Qantas flight to nowhere sells fast but raises concerns about carbon emissions
SYDNEY – Australia’s national carrier, Qantas, has been running passenger flights for 98 years, yet its fastest-selling flight turned out to be a journey that goes nowhere.
The airline, which has been heavily hit by the Covid-19 pandemic, will conduct a seven-hour scenic voyage next Saturday (Oct 10) that will take off from Sydney, fly over sights such as the Great Barrier Reef and Uluru, and then return to Sydney.
The 134 tickets aboard the B-787 Dreamliner cost A$787 to A$3,787 ($770 to $3,700). The flight sold out in just 10 minutes, making it “probably the fastest-selling flight in Qantas history”, according to a spokesman.
But the so-called Great Southern Land flight has caused a backlash over concerns that it will unnecessarily emit carbon pollution.
The group Flight Free Australia, which campaigns for non-polluting transport options, called for a ban on such “nowhere” flights.
“Qantas’ ‘flights to nowhere’ should be renamed ‘flights to a hotter planet’,” a spokesman, Mr Mark Carter, told The Sunday Times.
“The passengers on Qantas’ initial flight to nowhere will increase their emissions for a whole year by 10 per cent in just seven hours – helping kill the Great Barrier Reef they view from their windows.”
An online petition has been launched to urge Qantas and Prime Minister Scott Morrison to prevent future “pointless and polluting nowhere flights”. As of yesterday, the petition had about 800 signatures.
Others, however, suggested that the flight, which will be carbon-neutral through support for emission offsets, could help to spur tourism and boost the struggling airline sector. Qantas has already cut 6,000 jobs and is expected to further lay off about 2,500 staff as it struggles to deal with the curbs on foreign and interstate travel.
A travel writer, Mr Ben Groundwater, said he believed the scenic flights have “plenty of positive effects” that may outweigh the negatives. He pointed to the need to save Qantas jobs and suggested that flights over threatened regions such as the Great Barrier Reef might encourage people to care more about protecting them.
“The opportunity to see these wonders from the air is a unique one, and the perfect way to showcase their beauty and their fragility,” he wrote on Australia’s Traveller website.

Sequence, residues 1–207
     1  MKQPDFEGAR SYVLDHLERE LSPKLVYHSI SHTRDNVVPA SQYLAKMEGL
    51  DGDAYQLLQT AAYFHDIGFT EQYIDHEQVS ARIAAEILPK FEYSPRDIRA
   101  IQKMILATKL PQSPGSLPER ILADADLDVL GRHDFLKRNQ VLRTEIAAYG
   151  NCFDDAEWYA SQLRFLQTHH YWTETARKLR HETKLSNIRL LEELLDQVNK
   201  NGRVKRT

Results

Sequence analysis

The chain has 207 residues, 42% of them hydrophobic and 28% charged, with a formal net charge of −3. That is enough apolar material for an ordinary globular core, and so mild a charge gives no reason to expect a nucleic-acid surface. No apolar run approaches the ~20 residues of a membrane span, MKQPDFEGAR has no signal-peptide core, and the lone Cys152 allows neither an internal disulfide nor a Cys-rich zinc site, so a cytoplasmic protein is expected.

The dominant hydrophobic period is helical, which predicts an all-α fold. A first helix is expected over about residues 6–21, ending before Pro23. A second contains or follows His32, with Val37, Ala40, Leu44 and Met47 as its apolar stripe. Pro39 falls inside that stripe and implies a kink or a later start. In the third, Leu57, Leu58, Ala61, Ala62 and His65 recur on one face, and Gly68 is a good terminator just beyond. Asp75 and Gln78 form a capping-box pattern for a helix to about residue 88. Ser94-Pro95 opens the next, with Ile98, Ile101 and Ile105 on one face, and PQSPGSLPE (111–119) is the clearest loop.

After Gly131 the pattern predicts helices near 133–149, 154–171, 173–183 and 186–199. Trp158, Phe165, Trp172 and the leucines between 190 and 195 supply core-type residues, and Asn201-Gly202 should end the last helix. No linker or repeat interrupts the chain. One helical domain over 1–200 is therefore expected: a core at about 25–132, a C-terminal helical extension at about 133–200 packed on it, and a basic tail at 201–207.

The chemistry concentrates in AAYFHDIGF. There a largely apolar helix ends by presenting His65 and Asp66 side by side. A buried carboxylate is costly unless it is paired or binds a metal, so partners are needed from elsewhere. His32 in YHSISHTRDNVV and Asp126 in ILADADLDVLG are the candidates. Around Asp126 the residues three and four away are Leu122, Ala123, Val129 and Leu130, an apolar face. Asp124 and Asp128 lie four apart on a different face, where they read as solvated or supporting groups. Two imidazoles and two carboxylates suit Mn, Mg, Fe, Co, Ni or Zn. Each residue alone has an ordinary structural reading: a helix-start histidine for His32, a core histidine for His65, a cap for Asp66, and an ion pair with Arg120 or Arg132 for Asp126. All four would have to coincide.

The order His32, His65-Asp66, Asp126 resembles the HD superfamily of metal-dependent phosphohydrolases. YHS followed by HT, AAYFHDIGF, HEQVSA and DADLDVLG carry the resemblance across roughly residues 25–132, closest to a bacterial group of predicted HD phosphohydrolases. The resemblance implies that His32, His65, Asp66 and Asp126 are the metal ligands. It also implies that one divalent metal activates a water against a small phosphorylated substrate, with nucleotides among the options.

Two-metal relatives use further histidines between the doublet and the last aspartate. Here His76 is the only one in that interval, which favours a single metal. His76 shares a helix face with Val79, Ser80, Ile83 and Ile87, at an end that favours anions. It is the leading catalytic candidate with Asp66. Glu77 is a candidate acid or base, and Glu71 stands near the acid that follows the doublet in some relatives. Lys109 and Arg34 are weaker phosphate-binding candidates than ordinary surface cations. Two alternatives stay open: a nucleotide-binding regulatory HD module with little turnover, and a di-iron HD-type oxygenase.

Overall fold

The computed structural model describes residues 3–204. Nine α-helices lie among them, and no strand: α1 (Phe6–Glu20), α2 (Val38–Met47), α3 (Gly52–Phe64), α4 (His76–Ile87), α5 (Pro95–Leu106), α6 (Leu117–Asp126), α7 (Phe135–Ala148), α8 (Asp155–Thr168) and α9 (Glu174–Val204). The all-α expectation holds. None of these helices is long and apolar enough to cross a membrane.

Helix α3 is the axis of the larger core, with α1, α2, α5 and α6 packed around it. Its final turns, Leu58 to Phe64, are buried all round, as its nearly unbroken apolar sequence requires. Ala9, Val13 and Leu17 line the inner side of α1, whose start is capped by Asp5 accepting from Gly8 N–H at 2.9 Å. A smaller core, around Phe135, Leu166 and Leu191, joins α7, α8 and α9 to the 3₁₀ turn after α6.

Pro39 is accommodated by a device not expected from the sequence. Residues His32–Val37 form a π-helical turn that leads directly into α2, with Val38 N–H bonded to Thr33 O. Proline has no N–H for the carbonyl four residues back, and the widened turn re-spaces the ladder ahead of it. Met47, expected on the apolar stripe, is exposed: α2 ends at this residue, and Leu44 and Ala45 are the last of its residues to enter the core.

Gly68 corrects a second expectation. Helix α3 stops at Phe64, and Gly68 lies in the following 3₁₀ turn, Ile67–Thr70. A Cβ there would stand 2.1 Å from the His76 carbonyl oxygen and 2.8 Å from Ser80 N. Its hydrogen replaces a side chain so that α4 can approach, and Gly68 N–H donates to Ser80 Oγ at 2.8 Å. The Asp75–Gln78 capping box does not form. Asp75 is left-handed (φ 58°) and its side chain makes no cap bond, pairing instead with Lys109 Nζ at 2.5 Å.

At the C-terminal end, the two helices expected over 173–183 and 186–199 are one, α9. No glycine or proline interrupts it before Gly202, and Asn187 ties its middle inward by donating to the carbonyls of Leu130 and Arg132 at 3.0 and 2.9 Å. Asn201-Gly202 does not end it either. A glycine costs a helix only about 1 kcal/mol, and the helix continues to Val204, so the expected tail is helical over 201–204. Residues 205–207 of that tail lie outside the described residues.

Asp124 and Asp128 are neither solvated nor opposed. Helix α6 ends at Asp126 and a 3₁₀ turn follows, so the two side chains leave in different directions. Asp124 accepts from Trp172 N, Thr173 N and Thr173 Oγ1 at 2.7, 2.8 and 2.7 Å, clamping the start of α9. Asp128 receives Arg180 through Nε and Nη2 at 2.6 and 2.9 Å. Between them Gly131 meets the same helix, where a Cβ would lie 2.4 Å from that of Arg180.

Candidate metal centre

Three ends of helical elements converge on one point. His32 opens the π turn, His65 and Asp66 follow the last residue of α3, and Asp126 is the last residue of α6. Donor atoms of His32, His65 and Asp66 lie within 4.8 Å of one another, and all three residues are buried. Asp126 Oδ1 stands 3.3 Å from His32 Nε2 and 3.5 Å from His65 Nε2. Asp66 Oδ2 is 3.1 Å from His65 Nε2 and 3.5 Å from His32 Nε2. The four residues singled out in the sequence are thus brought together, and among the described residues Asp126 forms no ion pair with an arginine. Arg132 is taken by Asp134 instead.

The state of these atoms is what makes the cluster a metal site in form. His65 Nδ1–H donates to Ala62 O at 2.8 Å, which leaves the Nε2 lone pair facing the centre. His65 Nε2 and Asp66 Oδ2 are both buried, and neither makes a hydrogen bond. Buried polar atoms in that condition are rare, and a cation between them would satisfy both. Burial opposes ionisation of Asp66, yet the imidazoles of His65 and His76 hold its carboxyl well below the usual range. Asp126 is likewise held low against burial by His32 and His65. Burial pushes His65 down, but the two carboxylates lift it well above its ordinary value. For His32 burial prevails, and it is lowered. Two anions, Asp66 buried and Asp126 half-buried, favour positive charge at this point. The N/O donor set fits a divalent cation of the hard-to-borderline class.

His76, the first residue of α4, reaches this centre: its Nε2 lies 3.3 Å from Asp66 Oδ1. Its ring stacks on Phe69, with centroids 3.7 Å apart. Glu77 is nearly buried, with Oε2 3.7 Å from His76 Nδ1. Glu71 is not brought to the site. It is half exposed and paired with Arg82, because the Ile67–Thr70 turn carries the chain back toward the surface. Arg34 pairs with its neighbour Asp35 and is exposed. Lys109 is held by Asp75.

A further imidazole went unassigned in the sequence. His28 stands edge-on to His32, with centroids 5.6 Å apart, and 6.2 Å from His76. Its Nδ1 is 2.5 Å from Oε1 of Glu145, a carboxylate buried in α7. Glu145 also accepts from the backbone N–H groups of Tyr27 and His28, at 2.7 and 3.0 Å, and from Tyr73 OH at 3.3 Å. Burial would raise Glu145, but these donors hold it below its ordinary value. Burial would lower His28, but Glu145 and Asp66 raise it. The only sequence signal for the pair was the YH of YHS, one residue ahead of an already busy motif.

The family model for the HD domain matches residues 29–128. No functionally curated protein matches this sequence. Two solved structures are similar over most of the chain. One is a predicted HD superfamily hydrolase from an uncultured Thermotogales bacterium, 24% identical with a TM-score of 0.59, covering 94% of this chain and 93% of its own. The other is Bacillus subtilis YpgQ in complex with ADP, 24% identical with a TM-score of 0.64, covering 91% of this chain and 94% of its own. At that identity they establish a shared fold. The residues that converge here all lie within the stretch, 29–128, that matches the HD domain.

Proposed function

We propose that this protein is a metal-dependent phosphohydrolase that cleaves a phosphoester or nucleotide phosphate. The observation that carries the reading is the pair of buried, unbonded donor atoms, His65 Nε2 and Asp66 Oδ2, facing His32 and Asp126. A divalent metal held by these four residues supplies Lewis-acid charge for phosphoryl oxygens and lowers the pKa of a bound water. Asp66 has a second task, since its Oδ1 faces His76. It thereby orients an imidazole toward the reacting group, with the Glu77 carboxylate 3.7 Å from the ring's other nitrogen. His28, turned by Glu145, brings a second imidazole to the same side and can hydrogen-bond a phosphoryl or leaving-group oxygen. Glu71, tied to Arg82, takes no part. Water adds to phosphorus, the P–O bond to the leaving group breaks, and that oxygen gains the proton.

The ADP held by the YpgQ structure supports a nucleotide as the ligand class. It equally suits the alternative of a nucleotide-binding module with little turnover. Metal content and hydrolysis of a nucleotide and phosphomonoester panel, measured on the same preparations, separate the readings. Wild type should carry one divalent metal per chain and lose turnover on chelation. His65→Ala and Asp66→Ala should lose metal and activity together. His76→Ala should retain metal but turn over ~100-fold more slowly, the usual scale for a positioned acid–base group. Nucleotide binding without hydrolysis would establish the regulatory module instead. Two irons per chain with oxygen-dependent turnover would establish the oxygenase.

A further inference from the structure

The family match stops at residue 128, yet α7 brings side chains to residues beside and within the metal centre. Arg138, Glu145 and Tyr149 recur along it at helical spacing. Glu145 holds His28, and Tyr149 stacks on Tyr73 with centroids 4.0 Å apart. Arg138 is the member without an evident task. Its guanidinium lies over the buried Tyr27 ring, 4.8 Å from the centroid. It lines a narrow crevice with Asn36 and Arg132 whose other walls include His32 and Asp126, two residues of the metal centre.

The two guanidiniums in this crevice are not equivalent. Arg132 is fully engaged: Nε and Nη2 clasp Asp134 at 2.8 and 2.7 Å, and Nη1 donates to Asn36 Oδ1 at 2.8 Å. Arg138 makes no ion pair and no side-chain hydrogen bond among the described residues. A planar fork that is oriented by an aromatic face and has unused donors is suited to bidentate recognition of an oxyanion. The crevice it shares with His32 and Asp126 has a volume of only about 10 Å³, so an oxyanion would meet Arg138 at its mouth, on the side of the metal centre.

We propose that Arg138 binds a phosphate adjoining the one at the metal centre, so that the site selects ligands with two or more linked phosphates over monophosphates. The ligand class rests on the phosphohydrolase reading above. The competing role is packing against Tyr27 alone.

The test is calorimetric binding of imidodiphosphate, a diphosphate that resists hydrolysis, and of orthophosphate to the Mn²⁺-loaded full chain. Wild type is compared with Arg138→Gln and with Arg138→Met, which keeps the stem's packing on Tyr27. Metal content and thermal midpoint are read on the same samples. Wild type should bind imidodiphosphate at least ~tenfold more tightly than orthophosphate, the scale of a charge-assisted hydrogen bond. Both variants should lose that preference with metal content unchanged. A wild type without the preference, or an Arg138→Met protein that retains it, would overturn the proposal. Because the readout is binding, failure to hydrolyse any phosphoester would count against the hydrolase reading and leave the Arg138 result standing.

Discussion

“A carbon-neutral flight over a natural wonder of the world – a flight, it should be said, full of people who won’t trample on the earth, won’t leave footprints, won’t bother the wildlife or desecrate sacred land – is not the worst idea anyone ever had.”
Qantas initially indicated it may consider further scenic flights. But a spokesman told ST that there are currently no further planned scenic flights.
While airlines must face the grim reality that air travel may not return to pre-pandemic levels for years, Australia’s travel sector is slowly starting to resume as Covid-19 numbers recede.
On Saturday (Oct 3), the country recorded 10 new cases of Covid-19, eight of which involved community transmissions, all of them in Victoria, where case numbers have plunged.
In total, Australia has recorded 27,121 Covid-19 cases.
Singapore announced this week that it will allow travellers from Australia, except Victoria, to enter from next Thursday. Australia’s federal government also announced yesterday that the state of New South Wales and the Northern Territory will allow New Zealanders to visit without needing to quarantine from Oct 16.
New Zealand will continue to bar travellers from Australia and will require returnees to quarantine, but there are hopes that the New Zealand government may consider lifting these restrictions after the country’s election on Oct 17.
In other hopeful signs, Canberra is also in discussion with Pacific countries about setting up travel bubbles that would allow travellers between the destinations to avoid quarantine.
Australians have been finding other ways to satisfy their craving to again experience airline travel.
For those who miss airline meals, an inflight caterer, Gate Gourmet, has been selling sets of frozen meal packs, which can be collected from airports in Brisbane and Sydney.
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